July’s Newsletter

July is my favorite month!  Maybe it’s because it’s my birth month and I absolutely love the heat which reminds me of the Sanskrit word, Tapas.  Tapas literally means austerity and is one of the Niyamas, or moral observances.  Tapas is as much a part of yoga as are asanas or poses.  Tapas can also translate as burning through the heat, conquering resistance and therefore transforming.
  Along with the heat of summer, the heated fact that I’m getting older is upon me.  Lately, when I look in the mirror, I see my mother’s reflection looking back at me.  At times, its it’s surprising and quite frankly, a bit scary, and at other times, I’m in acceptance and through her reflection, I have learned to love my mother EVEN more, as well as, my self.
Victoria and Mom and baby Michael
Me, my mother and my grandson
Maybe it’s the heat, but lately, I’ve been hearing how challenging peoples lives have been, and it’s been the same for me as well.  It was one of those months with a lot of praying on my knees.  My salvation came through not only my daily practice of yoga but also the through the grace of opening up my concerns to my own mother, and to meditations focused on inviting the energy of the Divine Feminine into my heart.

One meditation in particular that helped me was a healing meditation with a focus on the Hindu Goddess Kali.  At first glance, Goddess Kali looks quite frightful as she stands on her husband, Shiva, while wearing a necklace of skulls; however, after learning more about this picture, one sees the beauty in Goddess Kali. 
Goddess Kali!
I first learned about Goddess Kali while simultaneously going through, my second divorce, a child custody battle, severe chronic pain and the death of my younger sister.  Whew…it’s amazing I made it out with some sanity.  Since I was in the midst of a divorce and Kali appeared to have won a battle while standing on top of her husband, I  was particularly enticed by this Goddess 😉  I later found out that Her necklace of skulls are actually the Sanskrit alphabet and represent Divine Wisdom

Her husband is at her feet, because she was in a battle which took over her and once her husband threw himself at her feet, she saw him and realized her actions and was able to stop fighting.
In the Hindu pantheon of Goddesses, Kali is considered to be one of three aspects of Goddess Durga. The different aspects of the Hindu Goddesses are said to represent the different  parts of ourselves. Kali was said to have emerged out of Durga’s forehead when Durga was trying to fight demons that kept multiplying and coming back at her.  In Durga’s moment of frustration, she creased her forehead and out came Kali.  Kali then is said to have licked up all of the demons and ate them!   I believe we all are familiar with that crease that happens in our foreheads when we are perplexed.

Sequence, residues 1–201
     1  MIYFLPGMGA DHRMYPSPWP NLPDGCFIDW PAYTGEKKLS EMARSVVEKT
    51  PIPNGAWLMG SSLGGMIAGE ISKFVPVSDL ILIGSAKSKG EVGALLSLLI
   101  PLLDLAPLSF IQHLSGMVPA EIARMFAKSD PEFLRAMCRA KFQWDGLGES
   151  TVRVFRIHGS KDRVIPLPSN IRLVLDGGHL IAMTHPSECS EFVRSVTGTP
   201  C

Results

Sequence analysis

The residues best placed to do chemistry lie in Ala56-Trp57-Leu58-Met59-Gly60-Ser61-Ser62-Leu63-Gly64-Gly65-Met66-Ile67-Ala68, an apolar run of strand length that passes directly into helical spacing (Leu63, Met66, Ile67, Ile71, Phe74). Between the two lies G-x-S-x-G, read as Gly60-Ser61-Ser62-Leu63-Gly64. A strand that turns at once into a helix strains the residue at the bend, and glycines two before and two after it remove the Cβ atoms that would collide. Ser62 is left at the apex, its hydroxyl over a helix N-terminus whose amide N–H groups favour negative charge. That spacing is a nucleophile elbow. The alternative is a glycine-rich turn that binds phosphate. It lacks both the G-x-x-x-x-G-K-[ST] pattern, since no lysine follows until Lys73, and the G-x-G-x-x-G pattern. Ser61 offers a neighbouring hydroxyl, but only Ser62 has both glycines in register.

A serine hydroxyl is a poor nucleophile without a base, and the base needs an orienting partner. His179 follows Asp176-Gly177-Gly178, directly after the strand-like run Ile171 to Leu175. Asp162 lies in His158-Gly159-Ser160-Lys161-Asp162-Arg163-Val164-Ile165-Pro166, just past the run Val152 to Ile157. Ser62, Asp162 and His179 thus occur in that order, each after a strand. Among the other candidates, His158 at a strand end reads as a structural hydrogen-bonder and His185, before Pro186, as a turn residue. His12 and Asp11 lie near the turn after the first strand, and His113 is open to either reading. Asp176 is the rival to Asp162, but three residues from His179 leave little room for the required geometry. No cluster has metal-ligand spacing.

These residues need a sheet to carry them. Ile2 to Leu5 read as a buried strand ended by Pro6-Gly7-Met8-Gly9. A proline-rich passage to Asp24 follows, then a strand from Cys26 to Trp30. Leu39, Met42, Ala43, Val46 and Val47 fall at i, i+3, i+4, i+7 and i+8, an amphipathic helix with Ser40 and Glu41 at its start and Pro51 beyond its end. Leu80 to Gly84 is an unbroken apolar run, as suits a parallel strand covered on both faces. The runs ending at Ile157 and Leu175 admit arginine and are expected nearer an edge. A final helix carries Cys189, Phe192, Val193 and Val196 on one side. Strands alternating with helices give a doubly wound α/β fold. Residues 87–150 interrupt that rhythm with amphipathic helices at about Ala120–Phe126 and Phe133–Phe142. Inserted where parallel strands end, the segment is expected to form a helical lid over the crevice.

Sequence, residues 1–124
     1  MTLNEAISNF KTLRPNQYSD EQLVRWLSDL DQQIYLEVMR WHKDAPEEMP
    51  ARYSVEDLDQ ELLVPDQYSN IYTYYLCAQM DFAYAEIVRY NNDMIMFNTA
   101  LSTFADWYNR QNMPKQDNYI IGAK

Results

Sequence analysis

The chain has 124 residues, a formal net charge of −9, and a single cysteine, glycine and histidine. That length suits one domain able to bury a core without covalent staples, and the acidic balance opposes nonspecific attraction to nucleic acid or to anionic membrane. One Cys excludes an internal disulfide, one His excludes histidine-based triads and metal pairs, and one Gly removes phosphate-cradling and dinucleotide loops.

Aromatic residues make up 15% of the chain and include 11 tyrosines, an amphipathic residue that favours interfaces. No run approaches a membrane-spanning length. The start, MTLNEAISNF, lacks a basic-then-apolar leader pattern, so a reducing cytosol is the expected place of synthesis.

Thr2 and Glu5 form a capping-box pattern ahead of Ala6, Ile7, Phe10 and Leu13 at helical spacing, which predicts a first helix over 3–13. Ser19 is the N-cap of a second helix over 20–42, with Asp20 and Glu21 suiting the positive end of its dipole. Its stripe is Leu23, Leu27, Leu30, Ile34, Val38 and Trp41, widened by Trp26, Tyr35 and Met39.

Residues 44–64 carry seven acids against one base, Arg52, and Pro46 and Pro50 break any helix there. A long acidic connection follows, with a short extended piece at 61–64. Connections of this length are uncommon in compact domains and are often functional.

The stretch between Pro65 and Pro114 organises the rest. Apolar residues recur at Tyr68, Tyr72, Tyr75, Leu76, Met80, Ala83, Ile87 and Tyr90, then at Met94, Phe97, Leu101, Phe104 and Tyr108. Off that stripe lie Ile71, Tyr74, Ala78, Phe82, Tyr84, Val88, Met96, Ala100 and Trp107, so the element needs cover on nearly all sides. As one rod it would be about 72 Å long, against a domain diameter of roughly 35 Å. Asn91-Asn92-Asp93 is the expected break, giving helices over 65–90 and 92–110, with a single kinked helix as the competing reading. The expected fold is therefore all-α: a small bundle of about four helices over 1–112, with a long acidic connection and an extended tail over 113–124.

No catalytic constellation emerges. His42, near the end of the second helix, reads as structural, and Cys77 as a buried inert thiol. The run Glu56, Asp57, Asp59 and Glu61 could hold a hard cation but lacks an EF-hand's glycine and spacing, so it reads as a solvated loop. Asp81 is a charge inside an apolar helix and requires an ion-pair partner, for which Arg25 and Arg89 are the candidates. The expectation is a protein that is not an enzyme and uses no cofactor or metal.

Through our own challenging times, and possibly perplexed foreheads, we too gain the strength, love and wisdom to persevere.  Yoga teaches us that we cannot always control what is happening around us but we can control our reactions.  The strengths that we gain while practicing on the mat, transfer to internal strength off of the mat.

Goddess Kali, is known as a dark goddess because she shows us our shadow selves, or she lifts Maya, veils of illusion, and allows to to seek deeper into our truth, she takes us further into our own power and transforms darkness into love and light.  
The work of transformation through the energy of the dark goddess’s is not easy work, but each time I do this work, my heart catapults deeper into my own true essence, which is in the heart of each of us as the pure, peace and love of the Holy Spirit.
Ram Prasad, the nineteenth-century Bengali poet, sings a song to Kali and describes her as being our universe.
“O Mother!  Thou art present in every form.
Thou art in the entire universe and in its tiniest and most trifling things,
Wherever I go, and wherever I look
I see Thee, Mother, present in thy cosmic form.
The whole world – earth, water, fire, and air-
All are thy forms, O Mother, the whole world of birth and death.
O mother, who can understand thy Maya?
Thou art a mad Goddess; Thou hast made all mad with attachment.
Such is the agony caused by the mad Goddess
That none can know her aright.”
Ram Prasad also says, “All sufferings vanish if she grants her grace.”
Blissful Yoga has some new offerings to help each of us with the practice of letting go, from weekly meditations, to workshops, Yin Teacher Training (which is an absolutely transforming experience and not just for yoga teachers), and my own daughter, Abigail Purcell will begin teaching Zumba!
In Love, Service & Wisdom,
Victoria Purcell-Goodwin